My attraction to libertarianism a number of years ago began a journey of rejecting groupthink and placing primacy on the individual. Once you start down the path of putting individual human beings above whatever group they belong to, it puts politics—and everything else—in a new light.
Putting people before an agenda or broad prejudices puts us all in a much better place. It can, and should, make us repentant of our past behavior. It did for me.

A 14-year-old girl at a pool party isn’t a “thug” who deserves abuse. She’s a child. Decent people should view her as such.
We can be more decent.

As a native of Charleston, I was touched, but not surprised by some of the victims’ families’ responses to Roof. My hometown is filled with loving men and women of all races. You’ve seen them in the streets and at the vigils in the last week throughout the South Carolina Lowcountry, holding hands and sharing this grief.

They are also the kind of Southerners who would be attacked in another context for their religious or traditional beliefs. They are the kind of people who are being attacked right now by pundits living thousands of miles away from this heartbroken city, who know nothing about Charleston and choose to impose their own politics on this tragedy. Peggy Noonan is right, “Why don’t you leave the grieving alone right now? Why don’t you not impose your agenda items on them? Why don’t you not force them to debate while they have tears in their throats?”

Some of the people you’ve seen join hands with their Charleston brethren in recent days likely have supported the Confederate flag. Support for this symbol is hard for most outside the South to even understand.

I would ask readers to at least try to understand these folks. Many are not coming from a place of hate.

Others are. Too many have for a very long time. One hateful man did so again last week in a way our nation will not soon forget.

This is why it’s finally time to take down the Confederate flag.

As a Southerner, I long stuck up for my “side.” The South was right. The North was wrong.

I have no intention of stopping him to educate him about the “true” meaning of the Confederate flag, as I might have years ago. I’m certain as a black American he already has a pretty concrete idea of how he feels about that symbol.

Black Americans have too many reasons to despise the Confederate flag. From slavery, to Jim Crow, to last week—it is so bloodstained today that it can only be thought of primarily as a symbol of terror.

Confederate flag supporters have argued for years that everyone should understand them. But black Southerners have tolerated something most of them consider intolerable for a century-and-a-half.

That’s time enough for understanding.

Understand this: Imagine your great-grandfather was a slave. Imagine your great-grandfather was lynched. Imagine your grandfather was forced to drink from a separate fountain. Imagine your father or mother was murdered by a deranged man with the Confederate flag all over his website.

Imagine these kinds of horrors were your American heritage. Imagine every time you saw a Confederate flag it reminded you of this.

Now imagine being told you don’t understand what the flag “really” means.

It’s an insult.

I care about moving beyond groupthink where right and left stop dehumanizing people more than I care about a flag. I care about white and black Southerners and Americans coming together, as we’ve seen on the streets of Charleston, more than I care about a flag. I’d like to see more coming together.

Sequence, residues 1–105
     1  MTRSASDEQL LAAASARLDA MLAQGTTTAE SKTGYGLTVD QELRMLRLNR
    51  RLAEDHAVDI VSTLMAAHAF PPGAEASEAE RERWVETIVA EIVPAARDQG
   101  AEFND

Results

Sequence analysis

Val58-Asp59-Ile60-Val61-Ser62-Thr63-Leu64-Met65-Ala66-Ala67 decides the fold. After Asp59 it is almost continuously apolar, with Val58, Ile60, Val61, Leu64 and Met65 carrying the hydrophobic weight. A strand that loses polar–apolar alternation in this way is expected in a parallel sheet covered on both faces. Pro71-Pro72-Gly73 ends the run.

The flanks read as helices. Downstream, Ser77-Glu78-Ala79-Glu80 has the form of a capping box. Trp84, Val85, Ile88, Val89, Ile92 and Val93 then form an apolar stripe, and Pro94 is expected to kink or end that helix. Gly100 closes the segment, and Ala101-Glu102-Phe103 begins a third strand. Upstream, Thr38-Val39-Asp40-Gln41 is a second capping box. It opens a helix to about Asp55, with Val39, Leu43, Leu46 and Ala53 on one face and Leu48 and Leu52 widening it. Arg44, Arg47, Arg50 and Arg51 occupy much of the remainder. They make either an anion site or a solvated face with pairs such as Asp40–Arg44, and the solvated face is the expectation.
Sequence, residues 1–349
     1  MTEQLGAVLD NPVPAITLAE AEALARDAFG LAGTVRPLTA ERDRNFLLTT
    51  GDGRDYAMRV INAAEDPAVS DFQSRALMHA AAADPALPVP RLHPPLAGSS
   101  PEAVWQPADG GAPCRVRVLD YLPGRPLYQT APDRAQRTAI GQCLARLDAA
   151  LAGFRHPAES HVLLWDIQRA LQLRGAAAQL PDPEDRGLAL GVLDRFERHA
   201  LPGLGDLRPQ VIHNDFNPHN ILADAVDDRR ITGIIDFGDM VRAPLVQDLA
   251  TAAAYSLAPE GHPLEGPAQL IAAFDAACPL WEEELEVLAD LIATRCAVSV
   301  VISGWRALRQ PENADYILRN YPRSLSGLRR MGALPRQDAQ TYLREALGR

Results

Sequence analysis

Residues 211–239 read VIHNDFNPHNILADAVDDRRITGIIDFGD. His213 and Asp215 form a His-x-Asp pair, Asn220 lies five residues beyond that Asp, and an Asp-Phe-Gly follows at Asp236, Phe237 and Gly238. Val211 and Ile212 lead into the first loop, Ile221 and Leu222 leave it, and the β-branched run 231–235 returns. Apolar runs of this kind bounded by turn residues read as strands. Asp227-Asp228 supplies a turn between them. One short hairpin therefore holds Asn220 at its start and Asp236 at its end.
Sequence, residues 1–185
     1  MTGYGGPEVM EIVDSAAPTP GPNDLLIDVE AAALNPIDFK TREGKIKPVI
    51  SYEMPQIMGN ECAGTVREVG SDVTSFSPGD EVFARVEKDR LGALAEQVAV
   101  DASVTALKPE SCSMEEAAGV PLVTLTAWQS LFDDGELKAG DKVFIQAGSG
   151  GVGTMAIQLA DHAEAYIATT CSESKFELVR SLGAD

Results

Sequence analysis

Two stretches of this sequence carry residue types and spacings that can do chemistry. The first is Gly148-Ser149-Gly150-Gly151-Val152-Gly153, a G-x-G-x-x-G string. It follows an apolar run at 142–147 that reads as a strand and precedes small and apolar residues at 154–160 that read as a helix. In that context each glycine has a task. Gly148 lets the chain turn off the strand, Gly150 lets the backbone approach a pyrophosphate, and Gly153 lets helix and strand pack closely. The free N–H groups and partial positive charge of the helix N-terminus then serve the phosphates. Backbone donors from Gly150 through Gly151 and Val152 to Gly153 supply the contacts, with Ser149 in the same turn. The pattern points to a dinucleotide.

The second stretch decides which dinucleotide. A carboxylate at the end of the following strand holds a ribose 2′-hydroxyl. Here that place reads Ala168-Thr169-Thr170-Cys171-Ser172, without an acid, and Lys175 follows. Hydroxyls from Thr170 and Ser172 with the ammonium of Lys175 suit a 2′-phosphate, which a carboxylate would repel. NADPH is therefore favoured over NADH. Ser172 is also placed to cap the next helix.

We will have a future that can be so much better than what a lot of Southern and American heritage represents, but only if we stop thinking of each other as separate camps constantly at war. We can only improve to the degree that we begin viewing one another not as enemies to be attacked but brothers to be loved.

Dylann Roof reminds us how hate destroys. The families of those he murdered remind us of the love we’re capable of.

The Confederate flag will always be a roadblock to the betterment of our natures. Let’s take it down so that we might all rise up.



    VULNERABILITY is not a weakness, a passing indisposition, or something we can arrange to do without, vulnerability is not a choice , vulnerability is the underlying, ever present and abiding under-current of our natural state. To run from vulnerability is to run from the essence of our nature, the attempt to be invulnerable is the vain attempt to be something we are not and most especially, to close off our understanding of the grief of others. More seriously, refusing our vulnerability we refuse the help needed at every turn of our existence and immobilize the essential, tidal and conversational foundations of our identity.

    To have a temporary, isolated sense of power over all events and circumstances, is one of the privileges and the prime conceits of being human and especially of being youthfully human, but a privilege that must be surrendered with that same youth, with ill health, with accident, with the loss of loved ones who do not share our untouchable powers; powers eventually and most emphatically given up, as we approach our last breath. The only choice we have as we mature is how we inhabit our vulnerability, how we become larger and more courageous and more compassionate through our intimacy with disappearance, our choice is to inhabit vulnerability as generous citizens of loss, robustly and fully, or conversely, as misers and complainers, reluctant, and fearful, always at the gates of existence, but never bravely and completely attempting to enter, never wanting to risk ourselves, never walking fully through the door.

 © May 2014 David Whyte – Excerpted from ‘VULNERABILITY’ From the upcoming book of essays CONSOLATIONS: The Solace, Nourishment and Underlying Meaning of Everyday Words.